As legislation that has every good intention gets watered down, the downtrodden get trod on even more ("Banning the box," March 17).
The intention of the "Ban the Box" employment bill before the Baltimore City Council is not to get jobs to those who need them, it is to get those who need jobs into the front door in order to have a conversation about a job. When we allow businesses to put loopholes in this kind of a law, we still allow the kind of blatant arbitrary discrimination that has gone on for too many years already.
The job market is tough enough. Baltimore is not meeting Mayor Stephanie Rawlings-Blake's goal of 10,000 new residents. The loopholes that allow a business to just throw out a job application because they check a box negate the true intent of the legislation. If a candidate has the skills and experience for a job, he or she should be allowed a face-to-face meeting. A person's past doesn't necessarily predict the future.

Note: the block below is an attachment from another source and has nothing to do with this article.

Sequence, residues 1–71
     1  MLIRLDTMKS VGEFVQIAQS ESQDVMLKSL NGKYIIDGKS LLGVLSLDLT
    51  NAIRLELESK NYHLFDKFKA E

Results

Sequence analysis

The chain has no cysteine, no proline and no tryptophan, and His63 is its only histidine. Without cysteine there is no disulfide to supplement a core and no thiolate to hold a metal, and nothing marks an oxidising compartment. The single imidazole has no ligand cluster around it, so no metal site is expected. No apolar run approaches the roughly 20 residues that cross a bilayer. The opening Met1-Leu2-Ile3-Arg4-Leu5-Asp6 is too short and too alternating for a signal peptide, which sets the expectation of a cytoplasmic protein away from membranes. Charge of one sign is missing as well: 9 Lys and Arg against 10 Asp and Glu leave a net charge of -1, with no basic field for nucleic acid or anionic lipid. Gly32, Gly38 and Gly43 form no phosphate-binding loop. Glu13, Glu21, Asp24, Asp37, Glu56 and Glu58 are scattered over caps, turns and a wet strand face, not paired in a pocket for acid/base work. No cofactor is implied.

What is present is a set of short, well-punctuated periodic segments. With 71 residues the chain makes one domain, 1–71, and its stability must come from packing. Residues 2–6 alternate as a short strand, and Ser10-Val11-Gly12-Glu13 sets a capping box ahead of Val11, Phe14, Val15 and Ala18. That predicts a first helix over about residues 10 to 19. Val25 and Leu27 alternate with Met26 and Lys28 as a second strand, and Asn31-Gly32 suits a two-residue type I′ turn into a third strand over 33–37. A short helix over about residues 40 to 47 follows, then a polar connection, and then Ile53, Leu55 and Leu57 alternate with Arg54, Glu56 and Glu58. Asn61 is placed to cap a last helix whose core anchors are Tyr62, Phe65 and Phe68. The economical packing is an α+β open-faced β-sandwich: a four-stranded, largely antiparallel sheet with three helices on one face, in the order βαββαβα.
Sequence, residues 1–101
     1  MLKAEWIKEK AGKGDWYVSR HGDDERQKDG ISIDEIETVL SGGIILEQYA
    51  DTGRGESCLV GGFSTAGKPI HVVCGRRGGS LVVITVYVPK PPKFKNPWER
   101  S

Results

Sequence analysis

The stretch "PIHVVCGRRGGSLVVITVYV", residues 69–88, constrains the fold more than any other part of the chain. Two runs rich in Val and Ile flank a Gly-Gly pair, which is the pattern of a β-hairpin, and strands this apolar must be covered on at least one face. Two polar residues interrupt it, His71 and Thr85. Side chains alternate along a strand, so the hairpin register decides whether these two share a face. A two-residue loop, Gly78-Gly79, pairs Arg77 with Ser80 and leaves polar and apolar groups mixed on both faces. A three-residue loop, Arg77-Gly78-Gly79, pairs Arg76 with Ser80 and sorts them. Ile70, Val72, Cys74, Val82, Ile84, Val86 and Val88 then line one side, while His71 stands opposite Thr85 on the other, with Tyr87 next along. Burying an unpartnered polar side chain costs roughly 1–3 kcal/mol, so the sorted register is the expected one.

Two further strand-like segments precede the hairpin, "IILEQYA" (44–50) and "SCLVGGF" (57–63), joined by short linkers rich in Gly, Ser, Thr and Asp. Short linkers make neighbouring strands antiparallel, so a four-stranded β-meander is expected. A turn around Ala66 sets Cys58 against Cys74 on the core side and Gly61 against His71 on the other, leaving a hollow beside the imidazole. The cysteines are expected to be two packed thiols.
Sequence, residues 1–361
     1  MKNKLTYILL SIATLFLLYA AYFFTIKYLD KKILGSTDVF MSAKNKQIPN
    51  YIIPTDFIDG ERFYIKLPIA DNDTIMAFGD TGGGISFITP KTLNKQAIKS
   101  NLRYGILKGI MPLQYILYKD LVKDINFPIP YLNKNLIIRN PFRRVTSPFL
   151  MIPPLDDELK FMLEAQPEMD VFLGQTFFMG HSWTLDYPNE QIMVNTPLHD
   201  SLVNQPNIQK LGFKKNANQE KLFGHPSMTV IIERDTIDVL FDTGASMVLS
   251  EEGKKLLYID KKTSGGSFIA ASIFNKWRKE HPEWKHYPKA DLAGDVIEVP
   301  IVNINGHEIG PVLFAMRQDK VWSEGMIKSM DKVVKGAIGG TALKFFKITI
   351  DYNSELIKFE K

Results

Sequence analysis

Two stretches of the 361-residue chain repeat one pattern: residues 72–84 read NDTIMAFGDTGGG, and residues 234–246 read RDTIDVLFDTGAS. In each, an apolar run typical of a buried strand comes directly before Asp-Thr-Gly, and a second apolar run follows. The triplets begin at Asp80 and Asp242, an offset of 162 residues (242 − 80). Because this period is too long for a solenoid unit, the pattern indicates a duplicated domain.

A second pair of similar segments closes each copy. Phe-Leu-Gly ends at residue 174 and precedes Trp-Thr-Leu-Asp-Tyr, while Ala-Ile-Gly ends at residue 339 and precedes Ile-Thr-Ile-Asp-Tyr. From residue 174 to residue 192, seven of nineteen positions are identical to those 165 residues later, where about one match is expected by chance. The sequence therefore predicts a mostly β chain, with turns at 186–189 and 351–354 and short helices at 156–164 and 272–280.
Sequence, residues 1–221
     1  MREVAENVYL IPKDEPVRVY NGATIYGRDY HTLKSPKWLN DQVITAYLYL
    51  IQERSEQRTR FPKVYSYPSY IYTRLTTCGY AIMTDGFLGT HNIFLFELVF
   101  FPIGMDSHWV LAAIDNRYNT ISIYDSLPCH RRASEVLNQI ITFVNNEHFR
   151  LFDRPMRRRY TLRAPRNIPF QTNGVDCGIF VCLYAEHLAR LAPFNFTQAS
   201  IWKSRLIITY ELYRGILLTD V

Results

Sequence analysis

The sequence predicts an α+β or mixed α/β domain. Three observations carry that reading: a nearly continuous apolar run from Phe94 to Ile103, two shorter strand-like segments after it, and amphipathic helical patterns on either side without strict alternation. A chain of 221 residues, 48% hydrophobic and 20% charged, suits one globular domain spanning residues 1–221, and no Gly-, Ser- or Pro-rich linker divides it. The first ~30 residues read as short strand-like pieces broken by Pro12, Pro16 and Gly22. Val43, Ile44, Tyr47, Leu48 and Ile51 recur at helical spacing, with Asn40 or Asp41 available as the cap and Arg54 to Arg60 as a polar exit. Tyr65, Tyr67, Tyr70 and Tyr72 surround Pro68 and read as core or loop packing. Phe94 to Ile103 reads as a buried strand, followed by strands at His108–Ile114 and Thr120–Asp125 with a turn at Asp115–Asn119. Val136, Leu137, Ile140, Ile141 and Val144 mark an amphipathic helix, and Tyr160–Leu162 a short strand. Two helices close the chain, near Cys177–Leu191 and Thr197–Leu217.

If we, as a society, tell people who have served their time that they will always be regarded as an offender and we attach that "Scarlet Letter" to them, we lose out on their otherwise useful experiences, qualities and their needed skills. Councilman Nick Mosby's proposal actually does not go far enough. People should have a right to a face-to-face interview. There is always that question to be asked to the person directly — about their offense and what they've learned from it. This opportunity is still denied by these "loopholes and amendments" to a person's right to have that face-to-face.
An interview ought to be mandatory. This is the part that Mr. Mosby is not strict enough about. The process of obtaining a job is difficult enough. Neither the boss or the prospect is well and properly served if it doesn't take place.
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